Still a little lost about how you want to approach freelance writing? If you think you may need additional help and guidance in order to kick off your freelance writing side hustle, you may want to work with a mentor or coach. I spent a few months working with Cat Alford from the site CatherineAlford.com (formerly known as Budget Blonde) through her freelance writing coaching program. She has now made the program bigger and better by turning it into an insightful online course for aspiring writers who wish to land well-paying writing jobs!
It was one of the best things I could have done to get a good start in the field. Cat is an experienced blogger and freelance writer and she helped me avoid costly rookie mistakes and present myself and my work in a professional way in order to land high paying writing gigs.
When I initially started working with Cat, I remember filling out a survey and telling her that my initial goal was to earn $1000/month from freelancing. Then when I got started, I realized how much work and dedication was required and even though I loved my writing jobs, I realized it would be a bit of a challenge to meet that goal while working my full-time job and taking care of my son and I immediately started settling for a lower monthly amount like $500.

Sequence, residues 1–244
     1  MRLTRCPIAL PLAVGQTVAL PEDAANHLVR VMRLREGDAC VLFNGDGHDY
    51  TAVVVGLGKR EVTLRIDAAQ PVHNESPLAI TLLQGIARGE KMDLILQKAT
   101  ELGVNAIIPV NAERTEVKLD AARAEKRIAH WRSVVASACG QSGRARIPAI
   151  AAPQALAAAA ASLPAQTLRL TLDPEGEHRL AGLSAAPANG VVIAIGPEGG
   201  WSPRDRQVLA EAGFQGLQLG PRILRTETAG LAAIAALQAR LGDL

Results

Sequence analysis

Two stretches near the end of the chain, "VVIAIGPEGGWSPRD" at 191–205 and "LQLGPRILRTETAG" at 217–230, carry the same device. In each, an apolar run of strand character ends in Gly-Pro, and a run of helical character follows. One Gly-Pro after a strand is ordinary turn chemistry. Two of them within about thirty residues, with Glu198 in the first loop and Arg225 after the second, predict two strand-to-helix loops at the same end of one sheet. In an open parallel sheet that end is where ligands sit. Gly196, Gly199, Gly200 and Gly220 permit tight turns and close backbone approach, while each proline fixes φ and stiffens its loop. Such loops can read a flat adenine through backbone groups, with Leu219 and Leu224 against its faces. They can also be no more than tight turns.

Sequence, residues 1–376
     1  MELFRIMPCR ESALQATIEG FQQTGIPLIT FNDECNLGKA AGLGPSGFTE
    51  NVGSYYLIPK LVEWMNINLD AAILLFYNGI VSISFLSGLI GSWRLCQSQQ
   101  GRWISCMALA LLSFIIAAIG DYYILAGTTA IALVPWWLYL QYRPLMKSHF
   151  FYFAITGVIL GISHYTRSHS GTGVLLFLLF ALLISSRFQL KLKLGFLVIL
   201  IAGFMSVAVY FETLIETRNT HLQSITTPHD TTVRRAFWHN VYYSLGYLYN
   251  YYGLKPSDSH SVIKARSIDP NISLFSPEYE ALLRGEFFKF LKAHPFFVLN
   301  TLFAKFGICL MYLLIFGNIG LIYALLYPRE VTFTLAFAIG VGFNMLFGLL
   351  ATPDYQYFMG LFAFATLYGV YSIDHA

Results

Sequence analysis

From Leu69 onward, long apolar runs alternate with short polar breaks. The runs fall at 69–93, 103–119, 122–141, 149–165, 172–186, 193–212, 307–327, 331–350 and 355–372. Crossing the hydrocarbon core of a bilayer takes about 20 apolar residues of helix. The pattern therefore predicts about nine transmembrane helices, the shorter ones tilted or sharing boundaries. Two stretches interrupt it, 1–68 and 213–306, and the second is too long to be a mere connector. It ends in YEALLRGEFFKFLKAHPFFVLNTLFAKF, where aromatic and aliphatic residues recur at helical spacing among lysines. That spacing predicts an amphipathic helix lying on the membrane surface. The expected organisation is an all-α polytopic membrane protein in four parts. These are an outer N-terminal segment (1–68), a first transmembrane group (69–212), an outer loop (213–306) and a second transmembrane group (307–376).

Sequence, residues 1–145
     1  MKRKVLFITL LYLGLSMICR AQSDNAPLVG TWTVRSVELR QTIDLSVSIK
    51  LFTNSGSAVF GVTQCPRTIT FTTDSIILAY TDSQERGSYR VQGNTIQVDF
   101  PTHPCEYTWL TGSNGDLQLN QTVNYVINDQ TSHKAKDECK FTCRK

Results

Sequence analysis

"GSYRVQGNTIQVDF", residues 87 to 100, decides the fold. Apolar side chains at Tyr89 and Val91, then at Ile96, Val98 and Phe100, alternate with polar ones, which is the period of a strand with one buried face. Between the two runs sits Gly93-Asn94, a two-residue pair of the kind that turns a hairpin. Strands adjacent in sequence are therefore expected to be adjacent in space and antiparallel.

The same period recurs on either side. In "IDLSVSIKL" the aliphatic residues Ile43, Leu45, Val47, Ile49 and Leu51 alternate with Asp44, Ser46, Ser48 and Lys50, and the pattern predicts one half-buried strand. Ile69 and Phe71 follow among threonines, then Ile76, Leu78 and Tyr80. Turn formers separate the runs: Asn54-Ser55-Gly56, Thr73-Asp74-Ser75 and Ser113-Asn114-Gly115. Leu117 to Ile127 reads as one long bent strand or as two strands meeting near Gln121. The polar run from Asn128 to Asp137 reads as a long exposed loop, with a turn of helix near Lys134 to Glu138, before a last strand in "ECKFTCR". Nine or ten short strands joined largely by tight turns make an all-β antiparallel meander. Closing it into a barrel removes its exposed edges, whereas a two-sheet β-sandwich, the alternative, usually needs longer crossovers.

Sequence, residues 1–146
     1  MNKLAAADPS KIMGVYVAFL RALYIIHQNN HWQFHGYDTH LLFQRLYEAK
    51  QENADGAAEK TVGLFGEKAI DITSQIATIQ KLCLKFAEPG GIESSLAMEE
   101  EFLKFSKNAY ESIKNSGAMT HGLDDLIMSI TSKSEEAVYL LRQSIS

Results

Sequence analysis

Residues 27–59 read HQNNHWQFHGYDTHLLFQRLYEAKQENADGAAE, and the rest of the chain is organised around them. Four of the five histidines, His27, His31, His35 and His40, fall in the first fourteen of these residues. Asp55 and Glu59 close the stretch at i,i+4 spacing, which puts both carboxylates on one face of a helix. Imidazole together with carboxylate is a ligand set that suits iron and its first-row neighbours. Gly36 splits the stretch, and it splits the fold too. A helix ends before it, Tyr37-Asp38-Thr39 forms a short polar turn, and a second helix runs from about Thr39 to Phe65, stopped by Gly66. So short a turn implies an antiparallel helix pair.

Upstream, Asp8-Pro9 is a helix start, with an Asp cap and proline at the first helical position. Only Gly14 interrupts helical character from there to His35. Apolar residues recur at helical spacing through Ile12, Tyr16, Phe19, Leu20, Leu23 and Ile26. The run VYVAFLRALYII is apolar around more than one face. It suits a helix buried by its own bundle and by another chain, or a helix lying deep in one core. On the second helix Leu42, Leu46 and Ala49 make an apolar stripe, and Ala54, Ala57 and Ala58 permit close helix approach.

Well let me tell you, I earned $500 very quickly and this month I received almost $1000 worth of freelance work assignments just short of $20 so it’s more like $980 (If you follow my online income reports, you’ll see that my earnings have been steadily increasing over time and last month now I usually earn around $3,000+ strictly from freelance writing.
My freelance writing income has tripled in a year because I chose to invest in myself and seek out professional help from someone who already knows the ropes).
I manage my time very wisely so it wasn’t a major struggle to complete the assignments and I’m kicking myself for ever doubting my initial goal.
With freelance writing, it IS possible to earn a decent amount of side income each month and enjoy doing it as well. Cat really helped get me prepared and in the mindset to earn more money from writing.
If you’re serious about making good money as a freelance writer and avoiding all the rookie mistakes that could hold you back, I’d strongly recommend taking Cat’s online course. There are three different levels to meet anyone’s budget and the investment you make in the course will pay for itself time and time again when you start landing new clients and professional writing gigs.
Build Up a Network